The human papillomavirus (HPV) remains the most common sexually transmitted infection. According to the CDC, about 79 million Americans are currently infected and around 14 million become infected with HPV each year.
Although, unlike with many other common illnesses, we have a way to prevent HPV. The widely-available HPV vaccine is nearly 100% effective against nine strains.
Upon infection, the virus can cause a wide range of health problems.
For most, it won’t show any symptoms, one of the reasons the STI is so commonly spread. But, HPV can also lead to symptoms like genital warts or something much more severe, such as cervical cancer.
Currently, the CDC recommends those from ages 11-12 to receive two doses of the HPV vaccine. But, a recent study has shown that one dose may be enough to protect against the virus.
How Can One Dose of the Vaccine Prevent HPV?
A study published in the medical journal JAMA Network Open looked into how the vaccine prevents high-risk HPV. They found women without the vaccine contracted high-risk HPV much more than women with one, two or three doses of the vaccine.
Researchers then examined the data from the National Health and Nutritional Examination Survey. They surveyed 1,620 women in the United States ranges in ages from 18 to 26. Results showed women who only received a single dose of the HPV vaccine had similar protection against the vaccine-type infections compared with those who received additional doses.
Since 2016, the CDC has recommended a two dose routine vaccine for adolescents. The second dose of the HPV vaccine would usually occur 6-12 months after that initial dose.
At the moment the HPV vaccine coverage is less than 10% globally. Those rates remain low despite the STI being so “common that almost every person who is sexually-active will get HPV at some time in their life if they don’t get the HPV vaccine.”
The Benefits of a Single-Dose Vaccine
In many countries around the world, young children are unable to complete the multiple doses for the vaccine. Whether it’s due to cost or the stigma of receiving a vaccine against a sexually transmitted virus, they often lack all the doses.
The study examined HPV vaccination rates and infection rates among women between 2009 and 2016. What they found supports vaccine trials that showed similar effectiveness of one dose versus two or three doses.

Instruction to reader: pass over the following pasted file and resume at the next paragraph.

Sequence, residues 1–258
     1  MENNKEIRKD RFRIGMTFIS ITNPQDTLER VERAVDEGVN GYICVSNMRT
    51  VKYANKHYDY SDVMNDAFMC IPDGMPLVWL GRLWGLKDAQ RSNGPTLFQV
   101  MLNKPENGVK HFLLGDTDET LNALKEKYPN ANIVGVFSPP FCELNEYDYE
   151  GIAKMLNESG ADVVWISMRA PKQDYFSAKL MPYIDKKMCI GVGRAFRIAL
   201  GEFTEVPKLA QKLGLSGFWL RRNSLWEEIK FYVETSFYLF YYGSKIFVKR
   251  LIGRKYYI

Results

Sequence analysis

The HPV vaccination offers lifetime protection against a virus that can cause cancer.
The virus itself is a group of more than 200 related viruses. Those viruses can lead to many types of cancer including cervical, anal, and oropharyngeal (mouth and throat) cancer. Most of the population infected with HPV is in their late teens and early 20s.
With this in mind it’s important to understand the timing of when you should receive the vaccination against HPV.
The HPV vaccine is recommended through the age of 26. Even adults between 27-45 can receive the vaccine, although the effects are less beneficial. Even with this age range, only 51% of adolescents in the U.S. have completed the entirety of the vaccine series while 68% have received at least one dose.
If the success rate of the HPV vaccine is just as effective with one dose as it is with two doses, those vaccination numbers could improve. Even without the full set of doses, more people could have protection against the virus.
The study’s senior author Ashish Deshmukh is an assistant professor at the University of Texas Health Science Center at Houston’s School of Public. He stated in a recent press release that, “if ongoing trials confirm sufficient efficacy and sustained duration of protection from a single-dose regimen, vaccine initiation (as opposed to the series completion) will become a more achievable metric of population coverage.”
If more studies and trials show that a single dose works, then more people might consider vaccination. With that, the vaccination rates against HPV could noticeably increase.
What Other Issues Are Lowering HPV Vaccination Rates?
The multi-dose HPV vaccine was first introduced in 2006. A vaccine has been available to help prevent most cervical and anal cancers among those exposed to the virus.
Yet, a stigma around vaccinating adolescents against an STI has kept vaccination rates low. Many parents don’t consider vaccinating their children at the ages of 11-12 because HPV is a sexually transmitted virus.
It’s important to provide the best protection before any chance of infection. Much like with measles and other childhood vaccines, the HPV vaccine can protect a child from dangerous illnesses for a lifetime.
There is no treatment for the virus itself. Each year over 19,000 women and 12,000 men are affected by cancers caused by HPV. Despite these numbers, many people are unaware that HPV can cause different forms of cancer.
Lastly, the low vaccination rates boil down to the sheer cost of having a multi-dose vaccination.
Better awareness and the multi-dose hurdle can help with some of these problems. With those changes, vaccine rates for HPV could sky rocket worldwide, and more people could be protected against this common virus.
Do you have any questions about the HPV vaccine? Do you still need to receive a catch-up dose for the vaccine? Passport Health can help. Give us a call at , or book an appointment online and speak to a travel health nurse.
Written for Passport Health by Brianna Malotke. Brianna is a freelance writer and costume designer located in Illinois. She’s an avid coffee drinker and enjoys researching new topics for writing.